Introduction: Lives Out of Control
We started our discussion with the question: how many of us have the feeling, some or all of the time, that our lives are “out of control”? That life is slipping by and leaving us unsatisfied? That our time, energies, money are going to meet other’s demands, demands upon us, leaving us with never enough?
Everyone laughed and raised their hands. We talked about the sense of “unfreedom” and people gave examples from their own lives. It seemed there were no shortage of these, in the areas of work, so-called “leisure” (so many gadgets, opportunities for entertainment, things to keep up with), family life (over-programmed kids), money (people over-extended). Several people mentioned the power of “supposed to”: all the demands arising from things we’re supposed to do or have. Church makes supposed to demands too!
Biblical Language for This
Holy Scripture has language for this. The Ten Commandments, the heart of the Hebrew Bible’s ethical teaching, begins with the Lord saying, “I am the Lord your God, who brought you out of the land of Egypt, out of the house of bondage.” Bondage or slavery can be not just to a Pharaoh or ruler. The Commandments go on to say, “You shall have no other gods before me.” In other words, we can be enslaved to the gods of all these demands that we think are made on us, that we have to “worship” by giving them our lives. The Commandments were given to Israel as rules or guidelines to maintain freedom and avoid another enslavement.
This language is familiar to us when we talk about Jesus “freeing” us from our “sins.” We talked about what is sin? Sin is unfreedom, slavery to false gods, to demands that do not deliver satisfaction.
Benedict of Nursia (c. 480-540) and the History of Monastic “Life by Rule”
In late fifth century Italy, the society and culture of the Roman Empire was collapsing. Corruption, public and private, was everywhere. There was moral and political chaos. Benedict wanted to withdraw from this society and went into the mountains east of Rome, seeking seclusion where he could find personal freedom and wholeness. (How many of us move to a rural place like Weare looking for that?) Others followed him, and as the number of monks in his community grew, Benedict realized that he needed some structure, a set of rules (note the parallel to the Ten Commandments) in order to realize for the community the freedom they sought. Thus was born the Benedictine Rule, a comprehensive set of rules for daily life that is still the basis for monastic life.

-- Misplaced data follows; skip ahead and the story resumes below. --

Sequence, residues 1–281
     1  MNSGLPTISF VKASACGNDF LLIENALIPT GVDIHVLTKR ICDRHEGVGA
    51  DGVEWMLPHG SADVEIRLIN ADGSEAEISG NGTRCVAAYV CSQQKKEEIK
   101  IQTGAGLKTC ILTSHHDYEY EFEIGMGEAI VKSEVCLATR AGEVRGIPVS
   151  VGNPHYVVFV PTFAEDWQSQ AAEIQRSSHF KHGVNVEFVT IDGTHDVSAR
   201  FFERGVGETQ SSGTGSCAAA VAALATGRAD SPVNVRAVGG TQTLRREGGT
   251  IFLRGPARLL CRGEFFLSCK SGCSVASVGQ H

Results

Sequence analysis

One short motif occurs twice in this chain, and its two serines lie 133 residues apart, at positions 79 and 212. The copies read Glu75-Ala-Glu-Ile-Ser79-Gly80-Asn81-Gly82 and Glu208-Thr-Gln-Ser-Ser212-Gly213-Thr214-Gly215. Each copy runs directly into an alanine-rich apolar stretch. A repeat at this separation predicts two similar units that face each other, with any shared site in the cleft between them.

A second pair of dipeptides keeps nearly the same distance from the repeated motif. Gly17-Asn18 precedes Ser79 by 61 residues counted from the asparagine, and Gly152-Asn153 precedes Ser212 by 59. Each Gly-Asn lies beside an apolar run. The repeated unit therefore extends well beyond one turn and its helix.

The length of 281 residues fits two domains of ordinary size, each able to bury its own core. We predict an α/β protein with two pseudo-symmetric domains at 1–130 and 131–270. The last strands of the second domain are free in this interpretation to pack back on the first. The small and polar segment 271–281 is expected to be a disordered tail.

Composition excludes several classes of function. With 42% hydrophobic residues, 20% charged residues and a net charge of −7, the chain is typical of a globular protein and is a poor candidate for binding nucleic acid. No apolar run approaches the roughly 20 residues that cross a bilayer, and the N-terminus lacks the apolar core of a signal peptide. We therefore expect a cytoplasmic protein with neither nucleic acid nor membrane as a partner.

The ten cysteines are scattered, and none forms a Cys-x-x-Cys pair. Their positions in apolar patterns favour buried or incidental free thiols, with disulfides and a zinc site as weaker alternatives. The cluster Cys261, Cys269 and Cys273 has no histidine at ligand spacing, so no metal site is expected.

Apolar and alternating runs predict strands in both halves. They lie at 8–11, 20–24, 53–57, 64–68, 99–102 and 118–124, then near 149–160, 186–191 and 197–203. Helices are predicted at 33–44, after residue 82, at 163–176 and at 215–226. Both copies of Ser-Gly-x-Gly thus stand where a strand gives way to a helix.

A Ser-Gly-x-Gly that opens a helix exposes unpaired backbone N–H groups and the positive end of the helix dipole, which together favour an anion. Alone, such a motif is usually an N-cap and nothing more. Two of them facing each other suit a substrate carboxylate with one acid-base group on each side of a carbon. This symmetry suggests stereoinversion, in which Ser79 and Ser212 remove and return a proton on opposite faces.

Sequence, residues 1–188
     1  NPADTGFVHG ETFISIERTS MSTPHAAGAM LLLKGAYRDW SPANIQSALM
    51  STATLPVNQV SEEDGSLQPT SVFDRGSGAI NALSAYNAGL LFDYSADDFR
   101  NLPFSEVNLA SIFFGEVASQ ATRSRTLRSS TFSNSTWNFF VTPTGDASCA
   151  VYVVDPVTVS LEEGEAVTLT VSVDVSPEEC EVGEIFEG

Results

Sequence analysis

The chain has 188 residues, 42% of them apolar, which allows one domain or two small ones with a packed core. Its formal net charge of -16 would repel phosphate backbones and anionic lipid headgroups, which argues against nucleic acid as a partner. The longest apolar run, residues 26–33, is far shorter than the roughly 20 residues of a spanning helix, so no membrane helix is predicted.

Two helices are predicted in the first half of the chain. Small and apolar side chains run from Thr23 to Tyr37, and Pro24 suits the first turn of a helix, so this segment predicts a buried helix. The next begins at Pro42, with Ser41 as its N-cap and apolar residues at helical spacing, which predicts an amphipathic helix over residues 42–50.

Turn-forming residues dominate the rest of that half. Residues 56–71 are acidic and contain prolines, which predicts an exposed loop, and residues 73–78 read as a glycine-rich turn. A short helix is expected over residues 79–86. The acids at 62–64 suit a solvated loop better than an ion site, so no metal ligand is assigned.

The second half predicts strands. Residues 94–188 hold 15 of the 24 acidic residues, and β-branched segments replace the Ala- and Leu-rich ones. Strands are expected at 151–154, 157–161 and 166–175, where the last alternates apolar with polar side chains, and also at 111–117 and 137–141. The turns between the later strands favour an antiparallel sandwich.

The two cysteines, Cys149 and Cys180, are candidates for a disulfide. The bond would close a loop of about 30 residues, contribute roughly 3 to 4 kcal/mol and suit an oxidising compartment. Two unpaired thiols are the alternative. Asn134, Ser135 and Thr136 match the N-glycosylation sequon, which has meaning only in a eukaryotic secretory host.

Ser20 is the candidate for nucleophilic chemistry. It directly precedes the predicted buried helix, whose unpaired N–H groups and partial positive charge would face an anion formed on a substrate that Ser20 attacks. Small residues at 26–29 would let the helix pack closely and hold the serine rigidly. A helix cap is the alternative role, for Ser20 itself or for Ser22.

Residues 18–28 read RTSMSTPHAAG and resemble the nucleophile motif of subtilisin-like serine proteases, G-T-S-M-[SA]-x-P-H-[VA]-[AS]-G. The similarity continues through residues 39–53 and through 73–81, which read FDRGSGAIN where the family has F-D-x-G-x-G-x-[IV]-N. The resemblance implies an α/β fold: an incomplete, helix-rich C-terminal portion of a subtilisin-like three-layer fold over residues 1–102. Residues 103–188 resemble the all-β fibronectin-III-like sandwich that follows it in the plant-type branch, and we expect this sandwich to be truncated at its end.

At the heart of the Benedictine Rule are three vows: 1) stability – not to move from place to place, thing to thing, seeking satisfaction; 2) amendment of life (in Latin conversatio or conversion), meaning a commitment to grow and change as necessary to achieve the freedom and wholeness sought; and 3) obedience – to the Rule, the superior and the community.
Personal Rule of Life
Though we don’t live in monastic communities, developing a personal rule of life can help us bring order and freedom to our lives. Such a rule is based on our taking the various areas of our life in which we desire order and freedom, taking an honest look at the reality of what is going on in each of them, and then setting forth our hope for where we want to be. This hope can be guided by some piece of wisdom from the Bible or another spiritual source.
We asked people, during the week, to think of – and list – the areas in their lives that they’d “like to have a better handle on” by framing a rule for. Examples would be: money, work, family-marriage-children-parents, sleep, play, exercise-body-health, study/learning, friends, prayer/worship/inner life, service. (These are just starters; the list will differ from person to person.)
Next week we will work from these lists, showing how to go about framing a personal rule of life including each of them. We will look at how to use our rule as part of a daily discipline of reflection and renewal.